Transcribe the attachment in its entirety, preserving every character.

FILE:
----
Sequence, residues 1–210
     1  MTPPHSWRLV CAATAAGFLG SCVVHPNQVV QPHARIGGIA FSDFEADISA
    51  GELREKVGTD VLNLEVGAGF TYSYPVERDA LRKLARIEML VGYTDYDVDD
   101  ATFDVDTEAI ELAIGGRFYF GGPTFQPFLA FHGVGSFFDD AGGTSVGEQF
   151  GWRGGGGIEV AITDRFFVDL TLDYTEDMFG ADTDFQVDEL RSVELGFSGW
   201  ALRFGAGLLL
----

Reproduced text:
Sequence, residues 1–210
     1  MTPPHSWRLV CAATAAGFLG SCVVHPNQVV QPHARIGGIA FSDFEADISA
    51  GELREKVGTD VLNLEVGAGF TYSYPVERDA LRKLARIEML VGYTDYDVDD
   101  ATFDVDTEAI ELAIGGRFYF GGPTFQPFLA FHGVGSFFDD AGGTSVGEQF
   151  GWRGGGGIEV AITDRFFVDL TLDYTEDMFG ADTDFQVDEL RSVELGFSGW
   201  ALRFGAGLLL